|Photos||Video & Audio||Blogs||Statistics||Archive||Shop||Mobile|
Andrew Fernando at P Sara Oval
November 28, 2012
Height has been the key to the New Zealand fast bowlers' success at P Sara Oval, Sri Lanka seamer Nuwan Kulasekara said, as his team faces a steep climb to prevent the visitors from leveling the two-Test series. New Zealand set a target of 363, and four wickets late on day four have ensured victory is all but impossible for Sri Lanka, and even a draw is unlikely.
"They have the height and that's one reason they are able to get good bounce," Kulasekara said of New Zealand's quicks. "They swung the ball well and they have bowled very good lines and lengths as well. Most of the dismissals went to their fast bowlers and they are getting the rewards for bowling good channels and bowling fast."
New Zealand's fast bowlers have skittled Sri Lanka's top order in three out of four innings in this series, with the only exception being the 92-run chase in Galle, where the visitors took the field without their spearhead Tim Southee, who was resting a groin strain.
In the other innings, New Zealand had Sri Lanka 50 for 5, 12 for 3 and 46 for 4. Both New Zealand's opening bowlers, Southee and Trent Boult, have found appreciable, sometimes dramatic, swing in the air, while all three of their seam bowlers have also achieved good bounce, particularly in Colombo. Sri Lanka's seam pairing of Kulasekara and Shaminda Eranga have been mediocre in comparison, taking 5 wickets for 253 runs between them, and rarely troubling the opposition batsmen with movement or bounce.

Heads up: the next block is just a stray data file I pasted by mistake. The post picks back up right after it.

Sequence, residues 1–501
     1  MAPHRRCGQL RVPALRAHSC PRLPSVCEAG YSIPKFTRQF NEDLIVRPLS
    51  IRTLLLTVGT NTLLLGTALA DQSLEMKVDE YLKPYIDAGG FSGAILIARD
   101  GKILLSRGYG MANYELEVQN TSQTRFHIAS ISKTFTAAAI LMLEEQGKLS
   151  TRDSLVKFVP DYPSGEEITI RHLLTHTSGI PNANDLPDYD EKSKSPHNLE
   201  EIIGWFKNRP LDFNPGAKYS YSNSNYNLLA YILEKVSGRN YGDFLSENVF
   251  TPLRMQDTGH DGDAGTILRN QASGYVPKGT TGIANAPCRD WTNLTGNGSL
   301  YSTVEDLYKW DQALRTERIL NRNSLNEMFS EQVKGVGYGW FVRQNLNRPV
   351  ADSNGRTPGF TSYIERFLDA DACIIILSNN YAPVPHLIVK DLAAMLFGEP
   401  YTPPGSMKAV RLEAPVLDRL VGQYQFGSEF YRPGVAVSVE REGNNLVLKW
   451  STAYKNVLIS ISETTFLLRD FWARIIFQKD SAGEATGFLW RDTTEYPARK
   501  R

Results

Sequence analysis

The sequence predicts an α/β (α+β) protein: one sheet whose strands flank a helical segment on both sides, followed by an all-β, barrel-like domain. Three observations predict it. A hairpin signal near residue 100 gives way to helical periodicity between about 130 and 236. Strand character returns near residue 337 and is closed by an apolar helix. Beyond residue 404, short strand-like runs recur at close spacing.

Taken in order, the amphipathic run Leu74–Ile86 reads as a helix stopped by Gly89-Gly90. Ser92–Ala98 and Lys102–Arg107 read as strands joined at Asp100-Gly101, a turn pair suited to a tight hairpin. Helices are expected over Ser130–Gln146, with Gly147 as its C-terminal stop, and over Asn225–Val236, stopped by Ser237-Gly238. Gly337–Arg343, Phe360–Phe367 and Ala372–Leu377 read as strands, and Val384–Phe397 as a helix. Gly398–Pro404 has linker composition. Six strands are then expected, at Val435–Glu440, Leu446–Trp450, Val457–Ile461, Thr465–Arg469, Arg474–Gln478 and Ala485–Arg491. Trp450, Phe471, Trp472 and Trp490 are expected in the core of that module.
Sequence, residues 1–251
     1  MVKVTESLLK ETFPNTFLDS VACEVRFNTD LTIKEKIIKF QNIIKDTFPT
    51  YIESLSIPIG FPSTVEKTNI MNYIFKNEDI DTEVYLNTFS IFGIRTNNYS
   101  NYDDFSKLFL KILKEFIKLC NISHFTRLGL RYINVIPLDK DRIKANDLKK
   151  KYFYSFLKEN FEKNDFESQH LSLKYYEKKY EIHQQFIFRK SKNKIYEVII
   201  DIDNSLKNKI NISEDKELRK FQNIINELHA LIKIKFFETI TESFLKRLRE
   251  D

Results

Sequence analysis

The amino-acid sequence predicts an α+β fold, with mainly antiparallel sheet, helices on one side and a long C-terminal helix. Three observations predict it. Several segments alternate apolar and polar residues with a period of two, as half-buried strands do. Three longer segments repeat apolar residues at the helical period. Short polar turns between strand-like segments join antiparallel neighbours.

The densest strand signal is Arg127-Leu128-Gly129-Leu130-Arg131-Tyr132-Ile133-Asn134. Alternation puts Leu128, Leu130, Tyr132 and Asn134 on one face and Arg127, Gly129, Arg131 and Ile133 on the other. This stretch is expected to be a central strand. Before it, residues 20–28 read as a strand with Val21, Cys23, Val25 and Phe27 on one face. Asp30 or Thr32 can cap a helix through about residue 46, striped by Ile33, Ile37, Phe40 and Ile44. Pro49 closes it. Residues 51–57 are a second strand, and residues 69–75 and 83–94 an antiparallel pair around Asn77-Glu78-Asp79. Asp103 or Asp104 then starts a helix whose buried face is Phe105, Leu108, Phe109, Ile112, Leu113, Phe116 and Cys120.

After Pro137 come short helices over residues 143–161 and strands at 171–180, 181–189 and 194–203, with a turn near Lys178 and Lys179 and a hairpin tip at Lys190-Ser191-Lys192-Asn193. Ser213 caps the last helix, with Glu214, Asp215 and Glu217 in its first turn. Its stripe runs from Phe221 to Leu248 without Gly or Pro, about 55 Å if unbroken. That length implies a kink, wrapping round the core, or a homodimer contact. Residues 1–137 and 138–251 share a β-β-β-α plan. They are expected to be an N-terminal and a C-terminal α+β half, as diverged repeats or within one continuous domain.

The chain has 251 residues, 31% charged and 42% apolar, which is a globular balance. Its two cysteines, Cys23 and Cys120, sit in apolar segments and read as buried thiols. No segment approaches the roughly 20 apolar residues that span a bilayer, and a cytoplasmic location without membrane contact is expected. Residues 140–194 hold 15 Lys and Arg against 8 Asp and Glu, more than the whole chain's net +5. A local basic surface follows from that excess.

While New Zealand attacked with their fast bowlers, who have all but one of the 14 Sri Lankan wickets to fall in this match, Sri Lanka relied on the left-arm spin of Rangana Herath for penetration. He narrowly missed out on his second ten-wicket match haul, when New Zealand declared their second innings closed at 194 for 9. Herath finished with 9 for 170 from the match, taking his tally to 20 wickets.
"For our seam bowlers it is different, because Rangana is our strike weapon. Our job is to support him," Kulasekara said. Thilan Samaraweera and Angelo Mathews were at the crease at stumps on day four, with Sri Lanka needing 316 for victory. Kulasekara said the team was confident of batting out the day to protect their series lead, but that it would be a tough day, with Mahela Jayawardene, Kumar Sangakkara and Tillakaratne Dilshan all having been dismissed.
"We are facing a tall order after losing four wickets, and we have to take it session by session tomorrow. The wicket is slow now, but if Thilan and Angelo get a partnership going, we'll be able to save the game. Tomorrow the ball will swing in the morning and we need to bat well in the first session. If we are able to do that we will be able to see a good Test match."
Andrew Fernando is ESPNcricinfo's Sri Lanka correspondentFeeds: Andrew Fidel Fernando
© ESPN Sports Media Ltd.
|Comments have now been closed for this article
Also, top-scoring in both innings, most Test dismissals caught, and the oldest Test centurion
Plays of the Day from the Champions League T20 match between Chennai Super Kings and Perth Scorchers, in Bangalore
Chasing Chennai Super Kings' 242, Dolphins opener Cameron Delport played nine action-packed deliveries in his innings. Here's what happened ball by ball
Plays of the day from the CLT20 match between Dolphins and Lahore Lions in Bangalore
Cricket should look to not only shore up struggling and emerging cricketing nations but also to export the game with entrepreneurial vigour
West Indies' ODI squad for India is surprisingly light on spin, but the tour is an opportunity for Samuels and Russell to make strong comebacks
Without more fixtures with Full Members, they can't get more funds. Without funds, they can't keep their players
Amol Muzumdar, who has announced his retirement from first-class cricket, reflects on his career, missing out on Test cricket, and more